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Parental rights and responsibility

Parental responsibility

Ian Giddings.

Ian Giddings,
Divorce & family law solicitor Coventry

What is parental responsibility?

Parental responsibility is defined as ‘all the rights, duties, powers, responsibilities and authority which, by law, a parent of a child has in relation to the child and their property’.

That means, if you have parental responsibility, you are recognised in the eyes of the law as having all the legal powers to make appropriate decisions in relation to the upbringing of your child.

On a practical level it will, among other things, allow you to contact your child’s GP to obtain or discuss medical treatment for your child, and to play an active role in your child’s education, giving you access to school reports and parents’ evenings.

Who has parental responsibility?

A mother automatically has parental responsibility, as does a married father irrespective of whether the marriage to the mother occurred before or after the birth of the child. As from the 1 December 2003, unmarried fathers of children whose birth is registered on or after this date, provided they are named on the birth certificate of the child, also have parental responsibility.

Fathers of children whose birth is registered before 1 December 2003 who haven’t acquired parental responsibility by virtue of marriage, or unmarried fathers of children whose birth is registered after 1 December 2003 and are not named as father on the child’s birth certificate, do not automatically have parental responsibility. This means that they are not recognised in law as having all the responsibilities relating to a child, such as being able to give permission for medical treatment or being entitled to updates on a child’s progress at school.

Parental responsibility for separated parents

Many people are shocked and hurt to find that, if parents are unmarried, it is only the mother who has automatic rights with regard to their children.

A father not married to the mother can get this if the two of them make an agreement called a Parental Responsibility Agreement, or by court order. Without parental responsibility, a father has no right, for instance, to consent to medical treatment or be involved in the child’s education.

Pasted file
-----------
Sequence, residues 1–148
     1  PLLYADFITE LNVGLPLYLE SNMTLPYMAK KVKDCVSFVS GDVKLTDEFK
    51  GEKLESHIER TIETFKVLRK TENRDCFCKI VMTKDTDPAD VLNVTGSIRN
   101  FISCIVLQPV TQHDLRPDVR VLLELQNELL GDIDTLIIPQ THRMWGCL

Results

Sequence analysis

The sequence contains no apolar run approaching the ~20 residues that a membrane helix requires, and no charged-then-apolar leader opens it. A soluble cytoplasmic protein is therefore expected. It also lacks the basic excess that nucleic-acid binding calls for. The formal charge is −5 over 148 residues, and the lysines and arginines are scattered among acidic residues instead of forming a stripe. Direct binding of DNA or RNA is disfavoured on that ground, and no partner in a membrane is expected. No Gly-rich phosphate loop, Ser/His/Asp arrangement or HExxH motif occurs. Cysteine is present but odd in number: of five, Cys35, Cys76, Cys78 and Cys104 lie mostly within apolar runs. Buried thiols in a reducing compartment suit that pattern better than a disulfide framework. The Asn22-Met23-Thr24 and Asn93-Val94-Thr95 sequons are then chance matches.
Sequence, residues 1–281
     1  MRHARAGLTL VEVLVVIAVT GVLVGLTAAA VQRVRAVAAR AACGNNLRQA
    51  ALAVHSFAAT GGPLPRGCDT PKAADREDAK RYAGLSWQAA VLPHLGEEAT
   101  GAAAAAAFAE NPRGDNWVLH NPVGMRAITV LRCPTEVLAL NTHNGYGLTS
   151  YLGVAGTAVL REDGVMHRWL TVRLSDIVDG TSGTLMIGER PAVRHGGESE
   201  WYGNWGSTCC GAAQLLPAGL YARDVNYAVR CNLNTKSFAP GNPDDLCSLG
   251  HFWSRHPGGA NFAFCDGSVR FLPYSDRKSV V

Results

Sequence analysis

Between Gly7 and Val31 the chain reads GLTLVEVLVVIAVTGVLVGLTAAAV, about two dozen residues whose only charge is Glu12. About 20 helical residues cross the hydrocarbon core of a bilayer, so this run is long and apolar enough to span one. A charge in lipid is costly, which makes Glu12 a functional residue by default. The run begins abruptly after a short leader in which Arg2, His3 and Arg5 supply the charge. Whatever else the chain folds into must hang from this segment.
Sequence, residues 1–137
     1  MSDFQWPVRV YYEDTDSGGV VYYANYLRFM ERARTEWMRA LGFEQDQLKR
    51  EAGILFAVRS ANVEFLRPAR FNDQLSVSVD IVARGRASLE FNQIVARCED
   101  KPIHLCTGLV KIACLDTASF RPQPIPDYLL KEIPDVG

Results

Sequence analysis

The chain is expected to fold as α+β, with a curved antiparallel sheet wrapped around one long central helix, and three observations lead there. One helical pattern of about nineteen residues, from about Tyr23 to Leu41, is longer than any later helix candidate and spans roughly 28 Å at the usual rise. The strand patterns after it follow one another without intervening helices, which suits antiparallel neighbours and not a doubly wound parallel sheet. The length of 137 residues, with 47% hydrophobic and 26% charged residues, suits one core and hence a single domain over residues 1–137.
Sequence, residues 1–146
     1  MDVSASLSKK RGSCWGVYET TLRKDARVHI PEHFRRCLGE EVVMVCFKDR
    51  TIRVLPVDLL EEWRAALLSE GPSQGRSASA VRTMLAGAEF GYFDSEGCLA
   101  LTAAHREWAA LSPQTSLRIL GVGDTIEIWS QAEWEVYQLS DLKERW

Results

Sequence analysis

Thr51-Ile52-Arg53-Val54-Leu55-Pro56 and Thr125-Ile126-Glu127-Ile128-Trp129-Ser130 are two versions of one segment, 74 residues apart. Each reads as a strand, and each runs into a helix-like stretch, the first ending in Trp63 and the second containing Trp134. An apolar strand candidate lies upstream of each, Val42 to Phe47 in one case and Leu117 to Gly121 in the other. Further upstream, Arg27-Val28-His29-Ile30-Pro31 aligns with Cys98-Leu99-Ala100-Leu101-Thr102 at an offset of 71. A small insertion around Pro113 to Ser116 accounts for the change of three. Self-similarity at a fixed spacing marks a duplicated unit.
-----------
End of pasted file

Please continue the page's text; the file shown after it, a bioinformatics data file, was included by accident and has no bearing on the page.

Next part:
So, if the couple split up, the mother automatically has the right to have the children with her where she wishes and the father has no say at all, unless he has an agreement or court order.

For a father, parental responsibility can be gained by:

  • marrying the mother of your child
  • entering into a voluntary Parental Responsibility Agreement with the mother
  • obtaining a Parental Responsibility Order from the court.

Step-parents may also apply for parental responsibility. Before the court will make an order granting parental responsibility, you would need to establish that there is a degree of commitment to the child, a degree of attachment exists between you and the child, and that the application is being made purely in the interests of the child’s welfare.

Once you have parental responsibility, it must be exercised appropriately and jointly with the mother of the child or anyone else who has parental responsibility.

Parental responsibility and contact

If you have parental responsibility and are being denied the opportunity to see your child, and you cannot reach an agreement with the other parent, you will require the Courts to make a court order, known as a child arrangements order. This will determine how often and where you see your child based on the circumstances of the case and a checklist of other factors, such as any previous contact that has taken place, where the parties live, the ages of the children and (depending on their age) the views of the children. The Courts will make a decision based on what they consider to be in the child’s best interests.

Parental responsibility comes to an end when the child attains the age of 18, years or earlier if a court order is made.

For advice and support call Woolley & Co on 0800 321 3832 or request a call using our online form.

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